The prospect of such an unwieldly coalition was only made possible thanks to the illusion that the Palestinian agenda has been vanquished. Years of relative quiet allowed for the mere mention of Palestinians and the possibility of a two-state solution to completely disappear from recent election campaigns.
But in just a matter of days that reality too came crashing down. The result has been that, either by chance or by design, Hamas has once again come to Netanyahu’s rescue when his back was against the wall.
It would take an incredible cynic to suspect that a patriot like Netanyahu would wish for such an outcome. But the cold calculation still amounts to all this madness playing in his political favor.
Amid a sense of siege and potential civil war, who cares anymore about his corruption and criminal trial? What kind of right-wing politician can justify opposing him now? Who now has the stomach for yet another divisive and likely inconclusive election?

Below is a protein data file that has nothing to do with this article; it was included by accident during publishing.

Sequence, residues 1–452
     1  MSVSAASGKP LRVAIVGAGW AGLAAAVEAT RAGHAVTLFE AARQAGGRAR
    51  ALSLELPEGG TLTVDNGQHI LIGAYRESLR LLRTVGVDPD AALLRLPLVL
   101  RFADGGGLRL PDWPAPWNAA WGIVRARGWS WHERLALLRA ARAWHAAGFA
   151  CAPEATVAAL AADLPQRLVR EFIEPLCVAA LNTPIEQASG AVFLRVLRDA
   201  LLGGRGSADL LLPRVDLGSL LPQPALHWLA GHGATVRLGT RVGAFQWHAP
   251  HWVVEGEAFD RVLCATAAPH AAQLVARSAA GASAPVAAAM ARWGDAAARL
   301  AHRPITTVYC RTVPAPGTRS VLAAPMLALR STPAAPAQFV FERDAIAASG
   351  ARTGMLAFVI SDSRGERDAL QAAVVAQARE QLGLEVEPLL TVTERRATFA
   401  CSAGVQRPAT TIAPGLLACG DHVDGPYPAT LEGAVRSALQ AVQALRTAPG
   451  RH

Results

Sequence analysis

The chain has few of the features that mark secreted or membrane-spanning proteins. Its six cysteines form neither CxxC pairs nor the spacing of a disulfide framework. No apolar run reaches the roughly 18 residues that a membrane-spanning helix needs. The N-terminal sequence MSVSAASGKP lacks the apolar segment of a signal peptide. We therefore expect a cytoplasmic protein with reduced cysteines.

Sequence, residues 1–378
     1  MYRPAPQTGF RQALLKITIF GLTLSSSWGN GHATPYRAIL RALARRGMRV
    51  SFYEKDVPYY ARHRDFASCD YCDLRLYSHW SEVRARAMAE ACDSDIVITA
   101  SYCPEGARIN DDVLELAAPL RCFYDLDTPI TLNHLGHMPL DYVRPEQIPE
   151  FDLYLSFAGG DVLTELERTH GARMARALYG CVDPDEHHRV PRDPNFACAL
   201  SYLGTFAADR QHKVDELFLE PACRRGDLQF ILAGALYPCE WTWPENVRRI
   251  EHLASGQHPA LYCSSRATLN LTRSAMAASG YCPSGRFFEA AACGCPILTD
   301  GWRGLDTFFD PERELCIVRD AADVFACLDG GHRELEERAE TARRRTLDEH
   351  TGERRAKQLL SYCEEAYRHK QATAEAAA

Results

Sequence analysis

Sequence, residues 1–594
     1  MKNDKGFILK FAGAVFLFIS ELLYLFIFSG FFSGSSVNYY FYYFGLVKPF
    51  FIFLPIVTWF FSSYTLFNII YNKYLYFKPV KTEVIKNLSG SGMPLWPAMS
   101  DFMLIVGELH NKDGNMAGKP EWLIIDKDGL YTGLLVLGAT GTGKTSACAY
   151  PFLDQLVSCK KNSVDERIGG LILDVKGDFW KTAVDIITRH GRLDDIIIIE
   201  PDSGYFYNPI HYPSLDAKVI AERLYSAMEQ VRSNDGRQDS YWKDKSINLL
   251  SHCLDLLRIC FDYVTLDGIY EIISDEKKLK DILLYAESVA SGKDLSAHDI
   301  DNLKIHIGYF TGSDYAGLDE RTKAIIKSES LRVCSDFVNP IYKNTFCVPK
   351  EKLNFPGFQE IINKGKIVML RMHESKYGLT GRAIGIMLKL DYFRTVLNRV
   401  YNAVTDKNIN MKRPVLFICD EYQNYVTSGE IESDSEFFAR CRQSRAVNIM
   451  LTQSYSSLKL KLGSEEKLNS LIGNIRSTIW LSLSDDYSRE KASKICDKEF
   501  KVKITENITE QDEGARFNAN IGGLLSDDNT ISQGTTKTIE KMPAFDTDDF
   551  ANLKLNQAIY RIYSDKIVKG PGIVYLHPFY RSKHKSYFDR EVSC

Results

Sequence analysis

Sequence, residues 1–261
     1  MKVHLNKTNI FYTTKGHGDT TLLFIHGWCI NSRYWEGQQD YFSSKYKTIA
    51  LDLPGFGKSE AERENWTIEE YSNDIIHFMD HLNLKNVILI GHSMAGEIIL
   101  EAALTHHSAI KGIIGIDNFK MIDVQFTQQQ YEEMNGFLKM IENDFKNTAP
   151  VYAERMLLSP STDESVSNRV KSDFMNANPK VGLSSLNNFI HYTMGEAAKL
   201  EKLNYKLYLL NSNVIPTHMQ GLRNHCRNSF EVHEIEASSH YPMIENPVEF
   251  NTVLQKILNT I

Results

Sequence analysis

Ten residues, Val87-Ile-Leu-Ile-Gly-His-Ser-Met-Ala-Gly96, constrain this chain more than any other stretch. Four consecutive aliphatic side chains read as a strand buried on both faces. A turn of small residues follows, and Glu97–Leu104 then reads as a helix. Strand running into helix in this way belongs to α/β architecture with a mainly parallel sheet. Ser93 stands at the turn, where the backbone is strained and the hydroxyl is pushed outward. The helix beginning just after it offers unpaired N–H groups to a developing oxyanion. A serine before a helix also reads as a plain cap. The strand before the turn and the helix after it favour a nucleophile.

Either by chance or by design, Netanyahu’s years in power have also resulted in emboldening Hamas. While he’s ordered the military to pummel them, he’s also resisted the calls of more hawkish allies to topple their regime in Gaza and allowed Qatari money to flow there freely. The result has been that a Palestinian Authority that at least formally advocates for dialogue with Israel has been usurped of influence by a terrorist organization that is openly devoted to Israel’s destruction.
For those who oppose even the prospect of sharing the land with the Palestinians, Hamas is indeed a far preferable counterpart to have than Palestinian President Mahmoud Abbas.
The shocking violence that has devastated the fragile coexistence in mixed Jewish-Arab cities is but a bonus for those like Hamas who seek to see Israel disintegrated from within.
There is no excuse for the wanton vandalism and assaults we’ve been witnessing. Though there is a fair share of irony in the emergence of the major players involved.